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Ranch for Challenged Kids

HopeWell Ranch, northwest of Mt. Pleasant, offers emotionally challenged kids, and other children, a place to connect with horses, learn about relationships, and build self-esteem.
It is clear upon your first conversation with Jodi Stuber that she doesn't consider herself or her husband, Ty Stuber, in charge of matters at HopeWell Ranch on Leiter Road in Weidman. Maybe it's all those "We've been blessed with's….", or those "Have a blessed day's …"
Whatever the reason, it is clear to parents and children at the ranch, which uses horses to help physically, mentally, or emotionally challenged children make connections and help build self-esteem.
"They consider themselves humble servants," says Lisa Schwartz, whose five children--Aydn, 10; Josiah, 8; Tobin, 7; Addeson, 5; and Ezra, 4--all utilize the one-hour free lessons and sessions with horses. "But they sure are helping to give out an awful lot of blessings themselves."
Jodi Stuber says about 85 percent of her clients are autistic children, and the rest is made up of kids who have emotional challenges of some sort.  She also makes room for the siblings of the challenged children, because she doesn't want to create a "jealousy" at home.
"Often the challenged kids do the acting up at home and then it seems like they're getting rewarded for it by getting to go horseback riding," Stuber says. "That's the last thing we want to see, so we include the whole family."
When Stuber says the whole family, she means it. There is a Parents to Parents (P2P) Support Group to discuss their own challenges, and parents are called on to volunteer at fund-raisers, and to do various jobs around the ranch.
She says horses are a natural conduit for communication because they don't judge the children. The kids get free one-hour riding lessons, and it is all based on community donations.
"The kids we see, the world often puts labels on these kids," she says. "But horses don't do that. They accept the kids unconditionally. You wouldn't believe improvements I've seen in some of the children who come to the ranch. In communication, skills, self-esteem. It's just an amazing blessing to be able to be part of something so special."
The ranch is funded completely through donations, and its three biggest fund-raisers are a farm fair in June, where there are displays, vendors, raffles and various games; a fall benefit dinner auction where items like gift packages, resort packages, and dinners with local celebrities are auctioned off; and an event called Yesterday's Prom, where women and their daughters make an evening of it, dressing formally and holding various raffles, and making fancy desserts.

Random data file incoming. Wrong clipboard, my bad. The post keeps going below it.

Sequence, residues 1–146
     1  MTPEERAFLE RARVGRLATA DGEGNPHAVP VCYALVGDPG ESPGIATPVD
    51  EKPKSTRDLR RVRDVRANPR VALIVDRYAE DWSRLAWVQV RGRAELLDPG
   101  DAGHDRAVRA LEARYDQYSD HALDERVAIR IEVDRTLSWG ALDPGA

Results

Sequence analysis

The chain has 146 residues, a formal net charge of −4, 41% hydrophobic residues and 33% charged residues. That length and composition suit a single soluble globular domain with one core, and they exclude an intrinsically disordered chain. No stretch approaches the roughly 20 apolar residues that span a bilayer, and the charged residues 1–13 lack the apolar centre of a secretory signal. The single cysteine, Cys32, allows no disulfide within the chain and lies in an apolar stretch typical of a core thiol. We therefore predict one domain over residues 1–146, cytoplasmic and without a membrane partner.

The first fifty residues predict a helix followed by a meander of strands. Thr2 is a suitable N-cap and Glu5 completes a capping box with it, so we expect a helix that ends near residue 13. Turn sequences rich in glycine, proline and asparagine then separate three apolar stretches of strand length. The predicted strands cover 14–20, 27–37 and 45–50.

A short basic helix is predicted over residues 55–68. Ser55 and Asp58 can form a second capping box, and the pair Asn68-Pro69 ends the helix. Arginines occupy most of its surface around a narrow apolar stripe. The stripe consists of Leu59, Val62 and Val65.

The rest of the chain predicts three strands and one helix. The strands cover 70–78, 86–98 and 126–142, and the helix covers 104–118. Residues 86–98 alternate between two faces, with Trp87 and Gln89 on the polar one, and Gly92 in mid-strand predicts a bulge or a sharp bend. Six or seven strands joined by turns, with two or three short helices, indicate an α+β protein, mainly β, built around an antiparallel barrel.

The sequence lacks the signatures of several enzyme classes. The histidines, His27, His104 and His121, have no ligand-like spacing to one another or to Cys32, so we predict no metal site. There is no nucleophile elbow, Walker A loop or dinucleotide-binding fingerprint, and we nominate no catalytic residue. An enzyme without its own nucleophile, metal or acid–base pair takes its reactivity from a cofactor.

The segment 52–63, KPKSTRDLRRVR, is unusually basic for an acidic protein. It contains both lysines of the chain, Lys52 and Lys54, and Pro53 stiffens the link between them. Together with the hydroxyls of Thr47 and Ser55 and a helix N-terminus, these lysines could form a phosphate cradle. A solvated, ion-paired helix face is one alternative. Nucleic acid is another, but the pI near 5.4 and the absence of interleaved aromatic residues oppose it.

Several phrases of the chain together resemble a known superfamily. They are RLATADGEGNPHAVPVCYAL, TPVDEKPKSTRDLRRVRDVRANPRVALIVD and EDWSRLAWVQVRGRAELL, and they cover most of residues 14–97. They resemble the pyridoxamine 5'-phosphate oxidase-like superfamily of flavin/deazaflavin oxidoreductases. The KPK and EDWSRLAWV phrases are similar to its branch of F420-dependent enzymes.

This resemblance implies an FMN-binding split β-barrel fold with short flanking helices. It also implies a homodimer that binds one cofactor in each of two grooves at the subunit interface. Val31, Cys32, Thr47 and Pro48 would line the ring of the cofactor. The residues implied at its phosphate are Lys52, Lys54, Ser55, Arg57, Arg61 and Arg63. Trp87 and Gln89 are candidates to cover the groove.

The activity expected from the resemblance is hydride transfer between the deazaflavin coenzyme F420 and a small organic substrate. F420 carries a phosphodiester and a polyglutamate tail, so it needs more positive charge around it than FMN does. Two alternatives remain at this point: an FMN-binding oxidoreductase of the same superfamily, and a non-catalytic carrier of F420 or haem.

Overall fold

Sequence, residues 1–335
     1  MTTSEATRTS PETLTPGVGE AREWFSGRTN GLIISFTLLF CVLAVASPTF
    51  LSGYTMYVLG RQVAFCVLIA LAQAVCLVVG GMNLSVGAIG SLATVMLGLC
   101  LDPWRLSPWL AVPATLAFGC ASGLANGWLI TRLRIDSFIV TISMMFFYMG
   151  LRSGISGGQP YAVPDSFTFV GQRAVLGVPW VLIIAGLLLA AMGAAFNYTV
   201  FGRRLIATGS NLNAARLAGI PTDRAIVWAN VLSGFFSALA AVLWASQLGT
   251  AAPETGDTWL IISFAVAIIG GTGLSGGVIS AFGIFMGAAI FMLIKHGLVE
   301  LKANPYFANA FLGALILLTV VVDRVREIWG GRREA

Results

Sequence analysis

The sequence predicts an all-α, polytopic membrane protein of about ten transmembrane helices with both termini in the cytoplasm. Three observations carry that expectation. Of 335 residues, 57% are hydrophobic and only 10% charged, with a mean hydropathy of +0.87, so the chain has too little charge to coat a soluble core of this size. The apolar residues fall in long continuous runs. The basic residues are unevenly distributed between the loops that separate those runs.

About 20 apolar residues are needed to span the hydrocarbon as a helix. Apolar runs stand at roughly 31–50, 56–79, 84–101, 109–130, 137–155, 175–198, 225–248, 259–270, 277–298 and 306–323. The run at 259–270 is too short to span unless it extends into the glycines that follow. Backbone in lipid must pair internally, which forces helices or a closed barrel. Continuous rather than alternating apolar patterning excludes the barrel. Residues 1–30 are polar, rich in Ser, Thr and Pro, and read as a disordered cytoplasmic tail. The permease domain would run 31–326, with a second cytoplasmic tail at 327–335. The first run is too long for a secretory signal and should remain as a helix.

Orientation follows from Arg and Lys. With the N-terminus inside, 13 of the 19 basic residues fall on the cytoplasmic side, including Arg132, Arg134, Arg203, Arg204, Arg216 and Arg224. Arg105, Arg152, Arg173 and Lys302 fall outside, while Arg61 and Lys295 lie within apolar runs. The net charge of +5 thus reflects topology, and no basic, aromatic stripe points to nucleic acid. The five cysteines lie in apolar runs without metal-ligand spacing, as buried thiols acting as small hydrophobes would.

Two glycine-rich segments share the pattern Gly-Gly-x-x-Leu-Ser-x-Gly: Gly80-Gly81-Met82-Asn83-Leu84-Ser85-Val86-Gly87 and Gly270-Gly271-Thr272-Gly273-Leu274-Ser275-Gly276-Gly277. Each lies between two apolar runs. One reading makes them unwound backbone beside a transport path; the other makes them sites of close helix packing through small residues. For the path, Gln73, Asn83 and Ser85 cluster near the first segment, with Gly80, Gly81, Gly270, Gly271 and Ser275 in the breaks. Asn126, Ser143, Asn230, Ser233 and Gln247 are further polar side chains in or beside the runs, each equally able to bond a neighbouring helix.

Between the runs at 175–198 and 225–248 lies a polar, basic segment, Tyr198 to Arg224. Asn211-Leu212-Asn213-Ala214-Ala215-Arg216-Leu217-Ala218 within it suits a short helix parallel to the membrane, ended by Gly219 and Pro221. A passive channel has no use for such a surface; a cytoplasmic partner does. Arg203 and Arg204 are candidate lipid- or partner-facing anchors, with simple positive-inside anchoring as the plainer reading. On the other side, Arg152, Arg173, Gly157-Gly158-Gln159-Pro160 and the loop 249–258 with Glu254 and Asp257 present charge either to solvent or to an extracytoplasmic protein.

"It's amazing how fast the ranch has grown," Stuber says. "We started with three horses and 12 kids in 2004 and received not-for-profit status in 2006.  We now have 21 horses, and have given free one-hour lessons to more than 2,500 kids."
All of the horses are "rescued" from negative situations, and more than 300 horses have been offered to the ranch in the past four years.
"People do that because they know the horses will be going to a good atmosphere, have good homes," Stuber says.
Besides the free lessons, an eye-popping number of visitors see the ranch annually. Stuber says more than 2,500 each year come to visit 18 full-size horses, two miniature horses, and a donkey named Bubba Jack whom Stuber calls "the rock star of the bunch." 
Visitors also interact with goats, chickens, ducks, rabbits, cats and three good-sized dogs. They get a behind-the-scenes look at what it takes to keep a ranch going, and the interest level is enormous.
Visitors are drawn from groups such as library programs, school groups, church groups, civic organizations, 4-H, Girl Scouts, Boy Scouts and other tours and fund-raising activities.
The visiting children indeed are a large part of the ranch's activities, but the more important part is the average of 50 students per week in summer months that receive free one-hour riding instruction courses. The ranch offers the free, therapeutic horsemanship program for children who are physically, mentally or emotionally challenged.
HopeWell staff works with the entire family, offering support to parents, guardians and siblings. Services are more limited during the winter month and school year, but there is an off-site Christmas party, on-site arts and crafts, and the ability to ride on mild days.
That ability will be enhanced greatly by a development that Stuber calls "nothing short of a miracle." The Stubers, using $152,000 in donations, purchased a recycled steel indoor arena and are in the process of putting it up. It will be 100 feet by 200 feet. The building was torn down in Blissfield, trucked to HopeWell Ranch, and is in the process of being put up. Local builder Rob Krutzer is donating his time, which, of course, saves the Stubers a good deal of money. But there still is money that needs to be raised.
"We'll need approximately $135,000," Stuber says. "I know that's a lot of money, but with the help of this great community, I have faith we can do it."
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